Last Updated September 5, 2023.
Two related, primary themes of the novel are alienation and the power of the natural world to distance humans from death and oblivion. Another closely related theme is the emptiness and dissolution of modern society. Aiming to overcome the alienation and fill the social vacuum, the narrator embarks on a pilgrimage; the idea of a spiritual journey in tandem with a physical one is the underlying conceit—or central metaphor—of the novel. Because this is a novel rather than a travelogue or memoir, and the author has given the protagonist-narrator his own name, another constant theme is the blurring of fact and fiction.
W. G. Sebald, the narrator, provides an account of a journey that began as a walk through southeastern England. He walks both through the natural setting and numerous villages, many of which have become severely depopulated in the century since their Victorian heyday. As the social decline weighs heavily on him and the solace he anticipated does not materialize, he suffers a breakdown—the physical counterpart of social anomie: the inability to feel or act. The period of his hospitalization begins to bring personal memories and meditations, but these emerge more fully in the recovery period following his release.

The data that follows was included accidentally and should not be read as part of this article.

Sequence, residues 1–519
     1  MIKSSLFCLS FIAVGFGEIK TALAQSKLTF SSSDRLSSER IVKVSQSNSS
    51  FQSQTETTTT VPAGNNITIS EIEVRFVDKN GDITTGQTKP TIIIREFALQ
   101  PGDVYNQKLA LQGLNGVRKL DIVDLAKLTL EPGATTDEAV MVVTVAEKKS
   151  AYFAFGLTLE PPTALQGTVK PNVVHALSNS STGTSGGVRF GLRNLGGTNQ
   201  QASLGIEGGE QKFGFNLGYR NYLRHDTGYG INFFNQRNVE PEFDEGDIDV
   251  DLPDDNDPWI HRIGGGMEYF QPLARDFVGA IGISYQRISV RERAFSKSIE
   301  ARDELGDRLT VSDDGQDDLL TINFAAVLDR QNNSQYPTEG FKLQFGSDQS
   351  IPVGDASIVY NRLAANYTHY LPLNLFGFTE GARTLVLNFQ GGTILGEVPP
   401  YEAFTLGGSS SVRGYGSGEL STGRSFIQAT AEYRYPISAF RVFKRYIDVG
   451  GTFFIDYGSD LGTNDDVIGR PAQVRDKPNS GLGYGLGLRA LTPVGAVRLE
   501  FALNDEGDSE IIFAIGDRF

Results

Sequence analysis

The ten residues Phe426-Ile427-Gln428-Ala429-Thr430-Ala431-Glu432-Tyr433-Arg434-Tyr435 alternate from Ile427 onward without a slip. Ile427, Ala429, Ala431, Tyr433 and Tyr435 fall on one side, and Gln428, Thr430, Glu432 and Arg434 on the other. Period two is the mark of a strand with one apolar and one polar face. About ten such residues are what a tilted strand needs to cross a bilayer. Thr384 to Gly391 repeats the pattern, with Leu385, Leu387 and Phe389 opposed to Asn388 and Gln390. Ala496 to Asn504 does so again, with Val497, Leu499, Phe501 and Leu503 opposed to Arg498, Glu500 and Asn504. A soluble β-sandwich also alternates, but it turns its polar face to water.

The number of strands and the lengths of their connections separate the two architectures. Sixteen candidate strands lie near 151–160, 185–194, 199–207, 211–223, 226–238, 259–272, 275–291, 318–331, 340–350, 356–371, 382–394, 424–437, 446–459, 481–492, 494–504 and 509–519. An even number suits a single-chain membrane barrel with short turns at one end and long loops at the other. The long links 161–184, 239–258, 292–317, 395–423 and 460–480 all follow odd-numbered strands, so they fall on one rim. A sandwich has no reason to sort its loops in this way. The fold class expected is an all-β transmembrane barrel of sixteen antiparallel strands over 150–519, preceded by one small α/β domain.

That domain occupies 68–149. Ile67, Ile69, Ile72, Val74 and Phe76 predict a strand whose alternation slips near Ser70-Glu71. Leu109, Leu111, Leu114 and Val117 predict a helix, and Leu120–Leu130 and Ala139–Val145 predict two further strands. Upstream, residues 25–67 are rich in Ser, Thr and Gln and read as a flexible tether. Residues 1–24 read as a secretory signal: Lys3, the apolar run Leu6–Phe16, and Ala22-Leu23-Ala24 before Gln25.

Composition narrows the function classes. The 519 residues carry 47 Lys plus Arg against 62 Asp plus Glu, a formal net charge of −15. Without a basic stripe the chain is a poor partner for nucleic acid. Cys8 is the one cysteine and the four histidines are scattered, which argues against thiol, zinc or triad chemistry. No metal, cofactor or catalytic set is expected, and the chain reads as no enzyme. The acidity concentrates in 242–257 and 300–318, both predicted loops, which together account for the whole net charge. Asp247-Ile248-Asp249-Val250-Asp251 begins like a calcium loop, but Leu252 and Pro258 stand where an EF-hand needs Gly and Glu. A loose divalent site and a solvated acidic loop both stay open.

Among his preoccupations is the relationship between religion and science in medicine, largely symbolized by the 17th century physician Thomas Browne and Sebald’s search for Browne’s skull. The concept of Saturn as a planet and an astrological sign figures prominently here. The pilgrimage theme, more than discussing the actual walking tour, is developed as a spiritual quest. The narrator combs through mythology, cultural rites, modern technology, and political-economic enterprises in his multi-faceted efforts to find connections between human ambitions and the limits they must always confront, including the finality of death.